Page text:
Saturday, October 31, 2009
State police say a Jeep Cherokee driven by 42-year-old David Bayline of Port Allegany crossed the centerline and hit a pickup truck head-on.
Bayline and his passenger, 48-year-old Theresa Bayline, were pronounced dead at the scene by Deputy Coroner Bob Hartle.
The other driver, 58-year-old Helen Bigley of Eldred, was flown by Stat MedEvac helicopter to Altoona Hospital for treatment of major injuries.
fax from PSP Kane
This original melodrama fundraiser titled "Murder? Music! and Mayhem...Oh My!" has an old-fashioned Showboat theme and the student heroes, villains, and comedians will make you laugh with cornball humor, singing and dancing.
The show will be presented in three performances on the Oswayo Valley Elementary School stage on Friday evening at 7pm and two shows on Saturday - with the matinee at 2pm and the final show at 7pm.
Tickets can be purchased from any Senior class member, at the Oswayo Valley High School, at Sprout's Drugstore and also Northwest Savings Bank.
Please come out and support this wonderfully entertaining Senior class fundraiser!
e-mail from Cheri Thomas
These vaccines are jointly offered by the Center for Diabetes, a department of Bradford Regional Medical Center, and Pennsylvania’s Department of Health.
Seasonal flu vaccines by appointment only are offered at the Center for Diabetes on Monday, Nov. 2, from 1 p.m. to 4 p.m., and Tuesday, Nov. 3, from 1 p.m. to 4 p.m.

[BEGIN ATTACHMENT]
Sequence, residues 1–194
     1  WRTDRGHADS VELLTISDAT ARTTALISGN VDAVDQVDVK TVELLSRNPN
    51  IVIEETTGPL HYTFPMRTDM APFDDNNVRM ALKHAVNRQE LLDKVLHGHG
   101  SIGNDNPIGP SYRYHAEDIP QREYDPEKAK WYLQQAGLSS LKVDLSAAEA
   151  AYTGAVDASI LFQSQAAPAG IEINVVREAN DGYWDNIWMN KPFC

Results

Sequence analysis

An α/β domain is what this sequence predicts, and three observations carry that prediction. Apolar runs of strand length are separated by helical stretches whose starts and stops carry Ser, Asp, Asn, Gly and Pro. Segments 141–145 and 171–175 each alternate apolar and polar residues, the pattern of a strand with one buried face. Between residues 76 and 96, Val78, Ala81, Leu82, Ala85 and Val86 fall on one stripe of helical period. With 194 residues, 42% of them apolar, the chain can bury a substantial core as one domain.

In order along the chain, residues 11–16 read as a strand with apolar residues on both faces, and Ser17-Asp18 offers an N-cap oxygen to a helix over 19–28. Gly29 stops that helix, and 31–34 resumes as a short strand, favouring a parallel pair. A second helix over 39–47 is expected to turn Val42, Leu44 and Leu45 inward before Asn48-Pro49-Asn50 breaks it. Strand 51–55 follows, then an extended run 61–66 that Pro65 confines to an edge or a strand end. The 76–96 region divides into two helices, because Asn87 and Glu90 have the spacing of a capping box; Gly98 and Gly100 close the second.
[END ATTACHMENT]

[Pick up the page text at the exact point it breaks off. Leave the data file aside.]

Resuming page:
For an appointment, call the Center for Diabetes at 814-362-8717. Additional clinics will be added if necessary.
“Anybody with a chronic disease such as diabetes is recommended to get a seasonal flu vaccine,” says Stacia Nolder, RN, CE, CPT, the program director for the Center for Diabetes. “For those with diabetes, getting a vaccine can reduce the occurrence of seasonal flu complications and also hospitalization.”
The Diabetes Center previously held four clinics in October in which 125 seasonal flu vaccines were given to individuals.
The seasonal flu is a contagious respiratory illness caused by viruses. It can cause mild to severe illness, and at times can lead to death, Mrs. Nolder says.
On average in the U.S., more than 200,000 people are hospitalized every year because of the flu and 36,000 people die, according to officials from the federal Centers for Disease Control and Prevention.
Complications from seasonal flu can include bacterial pneumonia, ear infections, sinus infections, dehydration and worsening of chronic medical conditions such as congestive heart failure, asthma and diabetes.
e-mail from George